Well, now tax-time has rolled around and you can’t find the property tax bill.  Well, fortunately, with a few mouse clicks, you can view and print your property tax bill.  Go to www.SDTreasTax.com.  Look for and click on “Pay Your Bill Online.”  Look for and click (again) on “Search or Pay On-Line,” which will open a new window to begin your search.  Enter your address or parcel number, and there you have it.

San Diego County Property Tax Bill – Undisclosed/Private Address in La Mesa, CA 91942:

La Mesa 91942 Property Tax Bill

As you see above, the taxes assessed based on value, have a net percentage value of 1.165% of the value of the home.  These are the ad-valorem taxes, that are tax deductible.  Below that are the “Fixed Charge Assessments” of an additional $507.20.  These are the non ad-valorem taxes, that are unfortunately not tax deductible.

Do as Nike® says, “Just Do It.”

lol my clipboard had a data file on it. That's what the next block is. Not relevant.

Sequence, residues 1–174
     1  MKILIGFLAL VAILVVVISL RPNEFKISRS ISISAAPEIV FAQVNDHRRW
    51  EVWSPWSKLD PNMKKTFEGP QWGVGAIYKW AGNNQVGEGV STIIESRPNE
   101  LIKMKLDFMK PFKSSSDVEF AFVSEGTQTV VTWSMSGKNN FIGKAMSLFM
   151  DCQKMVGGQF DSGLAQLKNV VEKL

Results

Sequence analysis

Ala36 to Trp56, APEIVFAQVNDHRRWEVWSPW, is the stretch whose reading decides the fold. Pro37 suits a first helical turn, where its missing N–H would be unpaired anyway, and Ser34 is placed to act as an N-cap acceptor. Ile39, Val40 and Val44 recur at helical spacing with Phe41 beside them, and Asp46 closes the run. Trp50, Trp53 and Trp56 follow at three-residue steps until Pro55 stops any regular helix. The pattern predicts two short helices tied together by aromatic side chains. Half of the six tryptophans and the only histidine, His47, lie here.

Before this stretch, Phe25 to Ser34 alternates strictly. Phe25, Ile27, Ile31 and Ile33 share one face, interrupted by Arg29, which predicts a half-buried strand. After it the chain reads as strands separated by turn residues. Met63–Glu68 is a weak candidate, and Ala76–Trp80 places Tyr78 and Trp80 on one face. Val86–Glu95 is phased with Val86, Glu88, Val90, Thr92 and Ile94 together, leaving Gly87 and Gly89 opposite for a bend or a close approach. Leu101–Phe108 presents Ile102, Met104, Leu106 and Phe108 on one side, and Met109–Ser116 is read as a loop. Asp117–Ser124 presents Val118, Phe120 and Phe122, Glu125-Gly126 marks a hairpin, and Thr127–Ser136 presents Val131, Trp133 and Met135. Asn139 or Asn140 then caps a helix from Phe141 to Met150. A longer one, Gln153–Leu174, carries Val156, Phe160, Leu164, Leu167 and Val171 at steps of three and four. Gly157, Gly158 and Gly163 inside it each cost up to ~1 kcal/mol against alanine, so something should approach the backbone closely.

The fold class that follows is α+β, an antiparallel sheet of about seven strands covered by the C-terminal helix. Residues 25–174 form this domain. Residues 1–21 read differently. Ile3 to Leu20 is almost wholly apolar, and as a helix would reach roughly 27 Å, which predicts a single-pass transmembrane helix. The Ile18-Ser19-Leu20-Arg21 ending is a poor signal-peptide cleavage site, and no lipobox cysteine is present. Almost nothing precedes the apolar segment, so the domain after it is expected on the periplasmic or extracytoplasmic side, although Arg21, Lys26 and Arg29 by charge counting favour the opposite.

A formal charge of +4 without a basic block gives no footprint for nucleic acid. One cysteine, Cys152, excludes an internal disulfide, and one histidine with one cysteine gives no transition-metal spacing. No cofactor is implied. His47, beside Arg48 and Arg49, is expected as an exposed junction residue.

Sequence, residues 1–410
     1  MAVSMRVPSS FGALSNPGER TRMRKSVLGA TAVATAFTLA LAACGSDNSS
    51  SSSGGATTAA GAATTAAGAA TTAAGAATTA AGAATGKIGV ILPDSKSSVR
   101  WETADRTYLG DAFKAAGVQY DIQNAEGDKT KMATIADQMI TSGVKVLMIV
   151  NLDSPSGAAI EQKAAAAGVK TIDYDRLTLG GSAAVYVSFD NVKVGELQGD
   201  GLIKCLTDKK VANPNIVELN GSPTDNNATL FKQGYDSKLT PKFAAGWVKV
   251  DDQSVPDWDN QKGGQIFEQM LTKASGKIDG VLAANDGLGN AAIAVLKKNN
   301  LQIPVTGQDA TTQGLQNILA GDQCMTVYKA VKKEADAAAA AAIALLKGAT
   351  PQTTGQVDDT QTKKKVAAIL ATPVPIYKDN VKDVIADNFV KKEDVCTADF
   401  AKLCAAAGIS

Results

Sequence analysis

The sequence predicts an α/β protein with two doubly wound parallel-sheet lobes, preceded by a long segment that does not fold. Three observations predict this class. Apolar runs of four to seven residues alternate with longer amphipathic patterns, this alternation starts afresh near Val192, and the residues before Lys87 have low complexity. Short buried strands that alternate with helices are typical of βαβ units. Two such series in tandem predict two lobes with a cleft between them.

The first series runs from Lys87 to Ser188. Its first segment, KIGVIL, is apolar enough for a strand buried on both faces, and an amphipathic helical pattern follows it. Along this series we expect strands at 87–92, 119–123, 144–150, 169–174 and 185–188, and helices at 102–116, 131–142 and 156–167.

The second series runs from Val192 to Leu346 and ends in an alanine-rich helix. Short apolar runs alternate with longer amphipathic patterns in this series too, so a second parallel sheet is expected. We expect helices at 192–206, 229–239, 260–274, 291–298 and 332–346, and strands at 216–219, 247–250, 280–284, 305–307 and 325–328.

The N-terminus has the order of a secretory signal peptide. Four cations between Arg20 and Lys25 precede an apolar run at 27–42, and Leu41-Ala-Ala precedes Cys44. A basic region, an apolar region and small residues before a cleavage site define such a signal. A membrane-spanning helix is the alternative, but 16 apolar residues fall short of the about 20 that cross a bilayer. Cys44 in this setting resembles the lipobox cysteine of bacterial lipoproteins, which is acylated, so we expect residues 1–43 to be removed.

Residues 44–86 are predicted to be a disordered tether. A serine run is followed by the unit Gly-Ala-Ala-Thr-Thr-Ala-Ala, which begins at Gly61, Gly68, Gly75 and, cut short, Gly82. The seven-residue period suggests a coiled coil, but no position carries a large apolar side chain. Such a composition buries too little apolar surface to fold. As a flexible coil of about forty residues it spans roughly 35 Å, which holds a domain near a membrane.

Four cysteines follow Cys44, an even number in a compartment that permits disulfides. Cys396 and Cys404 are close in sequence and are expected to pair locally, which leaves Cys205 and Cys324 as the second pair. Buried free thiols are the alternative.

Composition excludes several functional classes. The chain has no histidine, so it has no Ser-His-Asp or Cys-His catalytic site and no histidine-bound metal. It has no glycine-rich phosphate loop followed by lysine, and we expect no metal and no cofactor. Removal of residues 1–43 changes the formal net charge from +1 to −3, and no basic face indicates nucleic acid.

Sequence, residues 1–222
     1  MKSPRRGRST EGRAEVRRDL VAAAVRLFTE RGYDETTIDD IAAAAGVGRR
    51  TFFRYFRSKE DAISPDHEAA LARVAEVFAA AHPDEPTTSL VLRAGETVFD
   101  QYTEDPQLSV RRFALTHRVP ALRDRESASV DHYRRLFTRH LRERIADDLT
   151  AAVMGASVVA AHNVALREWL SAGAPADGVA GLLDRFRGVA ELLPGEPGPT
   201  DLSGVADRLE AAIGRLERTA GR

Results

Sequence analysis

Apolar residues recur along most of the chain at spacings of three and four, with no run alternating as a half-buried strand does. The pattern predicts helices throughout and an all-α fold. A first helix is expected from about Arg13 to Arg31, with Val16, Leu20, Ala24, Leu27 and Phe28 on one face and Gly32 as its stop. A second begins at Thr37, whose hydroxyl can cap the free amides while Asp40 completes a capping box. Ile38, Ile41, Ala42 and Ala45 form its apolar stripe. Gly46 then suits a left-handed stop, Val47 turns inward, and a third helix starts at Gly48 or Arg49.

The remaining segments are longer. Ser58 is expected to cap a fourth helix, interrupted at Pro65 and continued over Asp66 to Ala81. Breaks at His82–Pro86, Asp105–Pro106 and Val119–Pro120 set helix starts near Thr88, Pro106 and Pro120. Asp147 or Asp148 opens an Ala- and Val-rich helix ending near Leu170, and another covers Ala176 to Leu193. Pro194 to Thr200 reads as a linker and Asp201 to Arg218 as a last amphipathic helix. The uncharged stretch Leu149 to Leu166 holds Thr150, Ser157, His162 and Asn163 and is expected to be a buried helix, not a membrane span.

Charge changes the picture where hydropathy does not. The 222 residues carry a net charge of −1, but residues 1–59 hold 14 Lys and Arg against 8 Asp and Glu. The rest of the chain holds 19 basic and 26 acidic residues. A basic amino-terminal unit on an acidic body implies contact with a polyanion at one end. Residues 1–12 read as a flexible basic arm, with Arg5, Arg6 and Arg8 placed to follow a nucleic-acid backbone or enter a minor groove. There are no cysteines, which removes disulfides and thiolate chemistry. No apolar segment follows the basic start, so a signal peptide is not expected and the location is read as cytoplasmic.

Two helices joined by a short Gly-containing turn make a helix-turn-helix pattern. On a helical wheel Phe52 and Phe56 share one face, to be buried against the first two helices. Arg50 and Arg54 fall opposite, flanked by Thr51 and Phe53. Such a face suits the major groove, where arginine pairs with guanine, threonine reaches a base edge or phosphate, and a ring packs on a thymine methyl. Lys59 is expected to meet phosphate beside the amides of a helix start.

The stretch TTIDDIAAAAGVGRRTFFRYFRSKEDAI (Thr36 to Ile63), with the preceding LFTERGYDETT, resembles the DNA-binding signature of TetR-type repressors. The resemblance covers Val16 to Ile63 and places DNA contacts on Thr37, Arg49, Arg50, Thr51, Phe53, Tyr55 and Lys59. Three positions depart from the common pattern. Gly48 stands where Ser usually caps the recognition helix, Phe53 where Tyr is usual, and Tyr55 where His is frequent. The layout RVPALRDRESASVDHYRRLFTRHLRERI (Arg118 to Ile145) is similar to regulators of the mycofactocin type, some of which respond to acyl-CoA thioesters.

Until further notice, or until we can get a local assemblyman to put some pressure on Sacramento on this topic of homeowners being taxed on a tax (!!!), just do it right.

I am far from being a tax advisor.  For further questions and confirmation, always consult a CPA or tax professional.

 

Think You Are Ready to Own a Home?

Thinking

Everyone wants a home of their own – it’s the American dream. Enjoy the freedom to express yourself in your own home, without the snooping landlords. You can do just about anything you want in, on, and in your own owned home.  Take my home for example.  I am married to an interior designer who cannot live with white walls.  Therefore, our kitchen walls are green and our kitchen cabinets are now black.  Do you think that a landlord would allow us to do this at our own will?  Not a chance.